You may have noticed that many NBA players wear the same jersey numbers. Over the years, it’s noticeable that some jersey numbers are more popular than the rest. Number 3, for example, is a trendy number for guards.
However, have you ever stopped and thought about the numbers often left unused in the NBA? If so, read on as we’ll reveal which numbers have never seen the light of day in an NBA game.
Has Every Number Been Worn in the NBA?
While the NBA has had over 4,000 players throughout its history, you’d think all legal numbers from 00-99 have already been used at least once. However, you’d be surprised to know that there are still a few numbers that players seem to steer clear of.
To be more direct, no. Not every number has been worn in the NBA. If you want to learn which numbers, then read on.
How Do Jersey Numbers Work in the NBA?
But before we dive into which numbers haven’t been used in the NBA, we need to learn about the rules governing its usage.
NBA jerseys may be made from different materials and colors, but they all have one thing in common: they must have a player’s jersey number legibly printed on the back and front of the uniform. The number must be visible from the stands, so it not only needs to be large enough, but it must also be printed in a color that contrasts the fabric. This ensures that coaches, opponents, officials, and fans can quickly identify the players on the court.
Generally, players have the freedom to choose their own two-digit numbers, from 00-99, with the approval of team executives. Fun fact: George Mikan has worn the highest number in the NBA by using 99 throughout his career. However, no two players from the same team can wear the same number. So, if a player gets traded to a team where his preferred number is already taken, one of them has to make a change.
In the NBA, jersey numbers are more than just a way to identify a player on the court. They are also a form of self-expression, with many players choosing numbers that have personal meaning. For example, Dwyane Wade famously wears the number 3 in honor of his late cousin Darone, who was killed in a drive-by shooting when he was just 16 years old.
Similarly, many players choose their number based on their birthday or the day they were drafted. Others pay tribute to their favorite players from childhood or those who have inspired them in their own careers. In any case, jersey numbers are much more than just a piece of clothing for NBA players. They are a way to express themselves and connect with their roots.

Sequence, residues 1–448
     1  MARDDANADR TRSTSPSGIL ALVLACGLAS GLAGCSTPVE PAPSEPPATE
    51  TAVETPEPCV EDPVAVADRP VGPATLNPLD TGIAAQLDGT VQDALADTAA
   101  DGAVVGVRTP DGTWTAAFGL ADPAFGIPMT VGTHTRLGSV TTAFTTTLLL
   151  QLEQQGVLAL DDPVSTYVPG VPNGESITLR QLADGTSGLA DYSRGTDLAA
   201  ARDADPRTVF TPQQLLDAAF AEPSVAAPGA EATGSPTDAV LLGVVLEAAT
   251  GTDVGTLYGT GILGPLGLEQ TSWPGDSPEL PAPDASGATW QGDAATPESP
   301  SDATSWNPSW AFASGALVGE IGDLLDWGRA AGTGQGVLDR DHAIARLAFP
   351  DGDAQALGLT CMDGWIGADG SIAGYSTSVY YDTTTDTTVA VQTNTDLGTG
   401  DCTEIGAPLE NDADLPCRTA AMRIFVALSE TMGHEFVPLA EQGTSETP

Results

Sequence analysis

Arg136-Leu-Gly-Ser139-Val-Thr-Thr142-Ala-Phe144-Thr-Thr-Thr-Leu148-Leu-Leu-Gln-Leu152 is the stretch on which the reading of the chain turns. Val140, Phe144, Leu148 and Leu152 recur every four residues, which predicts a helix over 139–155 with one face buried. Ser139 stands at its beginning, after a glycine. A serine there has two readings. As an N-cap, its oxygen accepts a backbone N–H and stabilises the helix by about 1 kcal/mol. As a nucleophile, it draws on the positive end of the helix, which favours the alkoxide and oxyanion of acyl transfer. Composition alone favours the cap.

So, it’s not a surprise when news comes up about players buying, selling, or gifting jersey numbers to incoming teammates. Michael Jordan, for example, had to pay a $100,000 fine just to use his own number 23 because the Bulls retired it when he took his hiatus from the NBA.
What is the Most Worn Number in the NBA?
There are a few things to consider when determining the most worn number in the NBA. One is the popularity of the number itself; another is the number of players who have worn it throughout the years. Based on these factors, it’s safe to say that the most popular number in the NBA is probably number 23. Michael Jordan made this number famous during his illustrious career with the Chicago Bulls, and many other great players have since donned number 23, including another NBA All-Time superstar, LeBron James. It’s no wonder, then, that this number is so popular among NBA players.
However, when it comes to sheer numbers, the most-worn numbers in NBA history are numbers 12, 5, and 11 cumulatively across the 4000+ players who have played in the league. Although it’s important to note that these numbers may not be the most worn every season, they’re definitely fighting for the top spot all-time.
In the current season, the most worn numbers are 5 and 8, each with at least 25 players choosing to wear it on the court regardless of their position. However, once we consider the player’s position, you’d be able to see some discernable trends.
There may also be exciting insights to be gleaned from a player’s number choice in the context of their position made notable by discernable trends. For example, Point Guards and Shooting Guards tend to choose numbers 3 and 1, respectively, each with at least 10 active players using them. On the other hand, Forwards seem to prefer the number 8, with at least 10 active players wearing the number for both Small Forward and Power Forward positions. As for Centers, 13 seems to be the go-to number, with 6 players opting for the lucky number.
What Jersey Numbers Have Never Been Worn in the NBA?
On the other hand, the least worn numbers in the NBA are much easier to determine. If you dig through NBA history, you will find that some numbers have never been worn, such as numbers 58, 59, 64, 69, 74, 75, 78, 79, 80, 82, 87, and 97.
However, note that number 69 almost had a taker in Dennis Rodman when he got traded to the Dallas Mavericks in the 90s. It was only thwarted by then-commissioner David Stern, citing the player’s flamboyant reputation and the number’s double entendre. However, the rest of the numbers on this list simply has not struck a chord with any NBA player yet.
Famous Basketball Players Jersey Numbers